SALT LAKE CITY — The Utah Supreme Court has denied the appeal of a man convicted of aggravated murder for a 2007 shooting that he carried out in retaliation for testimony given in court.
Anthony James Prater, 32, is serving a life prison sentence without the opportunity for parole for firing eight shots at 35-year-old Vincent Samora, striking him once in the back, on Nov. 27, 2007. Samora was in a vehicle in the driveway of his mother's home in Salt Lake City at the time. A woman next to him in the vehicle was not injured.
Prater's conviction will stand despite his appeal arguing that statements of three witnesses during his trial — all of whom said Prater openly confessed the murder to them shortly after it occurred — were "inherently improbable." The state Supreme Court's ruling Wednesday stated that Prater's arguments about those witnesses didn't "come within shouting distance" of proving they were blatantly unreliable.
Prosecutors said the motive for the murder was Samora's previous testimony in court against Christopher M. Archuleta, Prater's former cellmate. Archuleta was convicted of shooting Samora in the stomach in 2005.
"Prater had been searching for Samora for months," the Utah Supreme Court explained in its ruling.
Aside from forensic evidence, prosecutors pointed to three witnesses who testified that Prater admitted to them that he shot and killed Samora. One of those witnesses included Ryan Hall Sheppard, now 36, who was in the same vehicle as Prater at the time of the shooting.
Sheppard later pleaded guilty to manslaughter in the case and was sentenced in 2013 to five years of probation and was given credit for nearly four years' time spent behind bars. His probation was revoked in 2014 and his originally suspended sentence of four to 20 years in prison was reinstated.
The high court said Sheppard and two women testified at Prater's trial that "upon hearing a local news channel report Samora's death, Prater celebrated by laughing (and) jumping up and down."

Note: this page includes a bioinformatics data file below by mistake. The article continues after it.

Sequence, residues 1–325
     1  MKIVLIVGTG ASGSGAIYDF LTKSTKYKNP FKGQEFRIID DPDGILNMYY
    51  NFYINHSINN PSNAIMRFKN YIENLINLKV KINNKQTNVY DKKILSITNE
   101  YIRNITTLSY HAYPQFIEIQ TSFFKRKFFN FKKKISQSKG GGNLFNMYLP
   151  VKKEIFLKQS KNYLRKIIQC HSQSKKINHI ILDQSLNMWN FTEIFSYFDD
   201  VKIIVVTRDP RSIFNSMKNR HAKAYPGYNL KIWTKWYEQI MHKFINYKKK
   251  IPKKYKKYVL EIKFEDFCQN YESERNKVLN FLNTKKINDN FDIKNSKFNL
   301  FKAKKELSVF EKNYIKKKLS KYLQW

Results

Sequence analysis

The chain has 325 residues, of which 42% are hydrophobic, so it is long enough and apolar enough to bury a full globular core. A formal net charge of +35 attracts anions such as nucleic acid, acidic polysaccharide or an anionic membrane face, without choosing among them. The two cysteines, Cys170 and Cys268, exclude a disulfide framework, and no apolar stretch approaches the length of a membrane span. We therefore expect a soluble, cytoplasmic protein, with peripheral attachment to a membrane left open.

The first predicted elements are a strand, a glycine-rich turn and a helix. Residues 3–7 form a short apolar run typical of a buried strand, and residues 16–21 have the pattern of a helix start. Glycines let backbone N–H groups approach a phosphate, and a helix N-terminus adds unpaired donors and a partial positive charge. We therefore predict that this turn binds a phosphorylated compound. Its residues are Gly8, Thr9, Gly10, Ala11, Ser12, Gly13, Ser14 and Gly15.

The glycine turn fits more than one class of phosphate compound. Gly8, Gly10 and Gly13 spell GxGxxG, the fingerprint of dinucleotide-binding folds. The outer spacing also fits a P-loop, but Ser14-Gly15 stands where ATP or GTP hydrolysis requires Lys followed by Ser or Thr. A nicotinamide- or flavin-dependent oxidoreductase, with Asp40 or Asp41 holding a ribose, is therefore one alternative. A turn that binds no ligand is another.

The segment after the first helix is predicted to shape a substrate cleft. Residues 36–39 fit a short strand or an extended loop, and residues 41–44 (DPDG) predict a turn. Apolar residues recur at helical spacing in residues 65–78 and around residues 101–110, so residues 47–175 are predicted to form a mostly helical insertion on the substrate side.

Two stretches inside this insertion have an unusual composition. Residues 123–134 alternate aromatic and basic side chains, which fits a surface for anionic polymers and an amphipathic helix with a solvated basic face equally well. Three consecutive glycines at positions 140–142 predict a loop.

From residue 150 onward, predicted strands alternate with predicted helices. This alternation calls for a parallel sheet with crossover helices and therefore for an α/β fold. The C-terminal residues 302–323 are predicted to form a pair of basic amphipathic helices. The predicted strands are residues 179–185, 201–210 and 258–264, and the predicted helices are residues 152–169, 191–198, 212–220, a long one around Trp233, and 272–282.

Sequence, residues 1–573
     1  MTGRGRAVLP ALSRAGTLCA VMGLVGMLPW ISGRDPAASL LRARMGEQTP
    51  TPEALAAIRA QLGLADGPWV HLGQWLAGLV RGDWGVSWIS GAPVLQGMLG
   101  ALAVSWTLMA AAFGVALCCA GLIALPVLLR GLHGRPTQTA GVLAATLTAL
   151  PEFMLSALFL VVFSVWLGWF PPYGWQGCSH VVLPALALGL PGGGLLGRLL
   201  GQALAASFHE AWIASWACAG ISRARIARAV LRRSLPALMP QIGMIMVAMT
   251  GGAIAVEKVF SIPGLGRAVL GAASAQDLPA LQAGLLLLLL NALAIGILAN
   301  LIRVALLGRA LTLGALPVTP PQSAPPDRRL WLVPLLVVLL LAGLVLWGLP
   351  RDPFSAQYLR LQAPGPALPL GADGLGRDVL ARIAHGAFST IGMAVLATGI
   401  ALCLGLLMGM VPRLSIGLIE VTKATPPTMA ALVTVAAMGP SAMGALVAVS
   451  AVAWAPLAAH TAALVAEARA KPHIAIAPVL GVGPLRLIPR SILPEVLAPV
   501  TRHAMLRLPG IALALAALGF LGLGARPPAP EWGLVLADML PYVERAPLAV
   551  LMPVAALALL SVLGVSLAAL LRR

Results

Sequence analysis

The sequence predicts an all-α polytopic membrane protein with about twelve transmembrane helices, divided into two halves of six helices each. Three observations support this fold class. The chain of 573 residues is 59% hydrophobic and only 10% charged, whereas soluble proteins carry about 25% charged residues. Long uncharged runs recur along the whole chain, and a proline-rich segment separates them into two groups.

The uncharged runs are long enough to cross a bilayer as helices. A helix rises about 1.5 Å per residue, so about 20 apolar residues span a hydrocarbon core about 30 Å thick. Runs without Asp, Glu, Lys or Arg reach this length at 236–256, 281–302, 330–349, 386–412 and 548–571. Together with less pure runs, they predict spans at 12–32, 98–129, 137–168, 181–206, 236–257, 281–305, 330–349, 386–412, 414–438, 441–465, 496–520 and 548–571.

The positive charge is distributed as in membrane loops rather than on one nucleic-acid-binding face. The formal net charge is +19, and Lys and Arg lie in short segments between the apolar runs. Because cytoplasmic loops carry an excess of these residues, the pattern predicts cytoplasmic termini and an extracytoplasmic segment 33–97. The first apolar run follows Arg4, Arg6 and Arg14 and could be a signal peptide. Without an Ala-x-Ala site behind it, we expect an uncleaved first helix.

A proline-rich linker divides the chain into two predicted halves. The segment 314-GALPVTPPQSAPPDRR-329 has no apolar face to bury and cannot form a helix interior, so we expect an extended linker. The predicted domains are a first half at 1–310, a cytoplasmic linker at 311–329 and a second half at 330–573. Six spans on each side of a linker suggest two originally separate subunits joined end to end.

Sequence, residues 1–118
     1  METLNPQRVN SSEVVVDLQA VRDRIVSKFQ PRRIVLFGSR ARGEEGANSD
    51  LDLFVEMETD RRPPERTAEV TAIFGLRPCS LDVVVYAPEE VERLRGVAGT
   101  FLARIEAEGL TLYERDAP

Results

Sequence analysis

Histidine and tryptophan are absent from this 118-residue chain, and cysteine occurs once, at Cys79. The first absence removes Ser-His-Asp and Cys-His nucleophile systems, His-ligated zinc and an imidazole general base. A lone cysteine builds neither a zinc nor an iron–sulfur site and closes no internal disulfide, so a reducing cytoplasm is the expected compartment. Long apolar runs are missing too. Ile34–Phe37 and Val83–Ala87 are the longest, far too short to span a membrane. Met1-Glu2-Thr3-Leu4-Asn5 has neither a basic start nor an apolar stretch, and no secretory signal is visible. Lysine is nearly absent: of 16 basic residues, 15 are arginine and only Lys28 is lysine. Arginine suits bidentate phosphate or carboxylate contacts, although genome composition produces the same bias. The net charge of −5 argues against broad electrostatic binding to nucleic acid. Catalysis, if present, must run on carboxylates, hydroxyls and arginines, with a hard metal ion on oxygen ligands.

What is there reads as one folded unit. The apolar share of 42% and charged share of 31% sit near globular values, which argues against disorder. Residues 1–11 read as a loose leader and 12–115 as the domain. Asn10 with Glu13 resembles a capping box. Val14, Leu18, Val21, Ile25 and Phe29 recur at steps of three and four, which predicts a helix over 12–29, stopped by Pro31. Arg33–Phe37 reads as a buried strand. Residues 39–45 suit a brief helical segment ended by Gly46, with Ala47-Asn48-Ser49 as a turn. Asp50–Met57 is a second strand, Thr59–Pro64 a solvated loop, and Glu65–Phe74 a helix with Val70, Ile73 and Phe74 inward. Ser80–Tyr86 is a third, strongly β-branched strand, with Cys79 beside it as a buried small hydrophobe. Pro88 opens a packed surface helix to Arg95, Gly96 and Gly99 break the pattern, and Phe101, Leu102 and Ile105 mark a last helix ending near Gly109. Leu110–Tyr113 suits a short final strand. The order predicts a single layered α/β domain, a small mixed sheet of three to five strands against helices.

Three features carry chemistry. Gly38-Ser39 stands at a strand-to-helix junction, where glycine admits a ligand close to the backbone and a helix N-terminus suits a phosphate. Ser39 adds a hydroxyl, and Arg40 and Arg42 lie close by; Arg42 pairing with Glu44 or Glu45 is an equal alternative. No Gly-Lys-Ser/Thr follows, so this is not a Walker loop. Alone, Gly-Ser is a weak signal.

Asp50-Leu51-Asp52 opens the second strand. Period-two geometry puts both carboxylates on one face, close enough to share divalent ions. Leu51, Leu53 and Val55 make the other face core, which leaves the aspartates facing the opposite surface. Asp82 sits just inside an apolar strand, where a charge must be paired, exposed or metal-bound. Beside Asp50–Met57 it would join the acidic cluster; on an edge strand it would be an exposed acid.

Prater's appeal contended that those witnesses were obviously tainted because they admitted to initially lying to police during the investigation, and later "received favorable reduction in their charges or sentencing" for cooperating in the case against him.
"Prater contends that because the trio of witnesses changed their testimony after receiving deals from the state, the testimony they each offered at trial was inherently dubious to the point that no reasonably jury could have relied on it to convict him," the state Supreme Court explained.
The court's ruling found Prater's appeal insufficient and unpersuasive.
"Any leniency the witnesses received in exchange for testimony was solidly before the jury when it made its credibility determinations," the ruling stated. "Prater's counsel had every opportunity to attack the witnesses' credibility because of the plea deals and to argue accordingly in front of the jury."
In addition to the aggravated murder charge, Prater was also convicted of second-degree felony obstruction of justice and five counts of discharging a firearm from a vehicle, a third-degree felony. He was sentenced to five concurrent sentences of three to five years in prison for the firearm counts, to run consecutively with his life sentence. His sentence for obstruction runs concurrently with his life sentence.